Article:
Micron has introduced two new families of SSDs based on its latest 176-layer 3D TLC NAND. The new 2450- and 3400-series SSDs feature a PCIe 4.0 interface and are aimed at different classes of PCs and price points. Micron says the drives are in production and will be available at retail soon.
Micron's 2450-series of M.2 SSDs are designed to be affordable drives for mainstream PCs and are set to be available in M.2-2280, M.2-2242, and M.2-2230 form-factors. The family will offer 256GB, 512GB, and 1TB usable capacities.
In contrast, Micron's 3400-series SSDs are aimed at high-performance applications and will be available in 512GB to 2TB configurations as well as an M.2-2280 form factor. Both SSD families are equipped with a thin (presumably graphene-based) heat-spreader, so they are compatible with both desktops and notebooks.
Micron says that it uses in-house-developed NVMe 1.4-compliant SSD controllers for its 2450-series and 3400-series SSDs, but says that it wants to be flexible and could use third-party controllers if it needs to. Given that demand for storage devices is very high and ongoing shortages, Micron's possible use of third-party SSD controllers isn't surprising.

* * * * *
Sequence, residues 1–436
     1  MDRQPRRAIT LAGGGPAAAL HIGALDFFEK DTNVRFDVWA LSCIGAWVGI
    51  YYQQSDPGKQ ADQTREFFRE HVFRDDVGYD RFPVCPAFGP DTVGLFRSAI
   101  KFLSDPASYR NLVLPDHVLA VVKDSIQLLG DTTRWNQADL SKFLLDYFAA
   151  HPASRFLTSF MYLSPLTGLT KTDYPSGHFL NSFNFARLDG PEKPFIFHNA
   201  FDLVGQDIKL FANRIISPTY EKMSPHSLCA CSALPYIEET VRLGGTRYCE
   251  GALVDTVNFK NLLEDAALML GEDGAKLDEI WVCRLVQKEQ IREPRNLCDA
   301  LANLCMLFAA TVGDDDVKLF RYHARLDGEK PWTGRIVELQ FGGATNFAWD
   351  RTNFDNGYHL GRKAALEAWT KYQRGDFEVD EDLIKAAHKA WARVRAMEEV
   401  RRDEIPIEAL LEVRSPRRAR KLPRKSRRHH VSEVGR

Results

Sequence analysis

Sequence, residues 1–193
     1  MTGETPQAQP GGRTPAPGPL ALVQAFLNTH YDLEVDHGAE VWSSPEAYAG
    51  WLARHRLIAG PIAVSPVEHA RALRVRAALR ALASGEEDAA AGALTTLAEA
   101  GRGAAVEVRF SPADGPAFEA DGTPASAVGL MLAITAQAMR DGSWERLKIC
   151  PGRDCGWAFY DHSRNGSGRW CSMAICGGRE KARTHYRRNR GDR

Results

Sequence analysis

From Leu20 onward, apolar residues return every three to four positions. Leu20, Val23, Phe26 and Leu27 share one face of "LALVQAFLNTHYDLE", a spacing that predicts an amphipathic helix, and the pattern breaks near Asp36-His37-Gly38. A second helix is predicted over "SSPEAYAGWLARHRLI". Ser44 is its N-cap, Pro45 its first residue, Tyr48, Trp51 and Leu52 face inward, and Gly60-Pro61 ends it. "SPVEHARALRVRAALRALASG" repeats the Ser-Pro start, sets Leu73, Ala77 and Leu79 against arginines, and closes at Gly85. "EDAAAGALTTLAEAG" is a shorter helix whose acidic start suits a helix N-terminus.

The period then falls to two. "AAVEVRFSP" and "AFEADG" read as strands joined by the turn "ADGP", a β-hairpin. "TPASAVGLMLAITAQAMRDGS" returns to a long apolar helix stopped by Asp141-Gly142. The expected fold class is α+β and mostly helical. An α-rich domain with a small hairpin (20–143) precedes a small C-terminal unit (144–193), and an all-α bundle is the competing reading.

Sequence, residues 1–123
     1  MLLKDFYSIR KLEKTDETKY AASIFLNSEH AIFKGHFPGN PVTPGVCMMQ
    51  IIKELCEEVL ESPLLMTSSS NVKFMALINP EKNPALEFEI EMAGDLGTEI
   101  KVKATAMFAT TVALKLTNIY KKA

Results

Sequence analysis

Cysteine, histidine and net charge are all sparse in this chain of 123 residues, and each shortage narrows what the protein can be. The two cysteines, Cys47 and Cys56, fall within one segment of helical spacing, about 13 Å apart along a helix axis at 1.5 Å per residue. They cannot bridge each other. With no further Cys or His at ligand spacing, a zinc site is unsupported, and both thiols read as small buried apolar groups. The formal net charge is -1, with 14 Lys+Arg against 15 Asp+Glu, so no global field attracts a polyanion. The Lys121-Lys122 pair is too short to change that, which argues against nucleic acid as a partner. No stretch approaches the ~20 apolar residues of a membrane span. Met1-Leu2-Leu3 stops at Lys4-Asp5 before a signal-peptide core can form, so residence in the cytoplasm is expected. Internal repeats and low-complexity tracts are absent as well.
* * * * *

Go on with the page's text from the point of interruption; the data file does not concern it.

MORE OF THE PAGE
For unknown reasons, Micron isn't disclosing the full specifications of its 2450-series and 3400-series SSDs at this time. Instead, the company says its 3400 drives "provides twice the read throughput and up to 85% higher write throughput" compared to its predecessors.
In addition to 2450-series and 3400-series SSDs, Micron uses its 96-layer 3D NAND memory for its first UFS 3.1 automotive-grade storage devices. The unit offers 50% higher sustained write performance versus Micron's UFS 2.1 drive and will hit production sometime in the third quarter.
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Anton Shilov is a Freelance News Writer at Tom’s Hardware US. Over the past couple of decades, he has covered everything from CPUs and GPUs to supercomputers and from modern process technologies and latest fab tools to high-tech industry trends.
I’m probably in the minority, but give me 22110 drives with lots of cache and I’ll be happy.Reply
This requires more than likely ATX boards but I’m OK with that.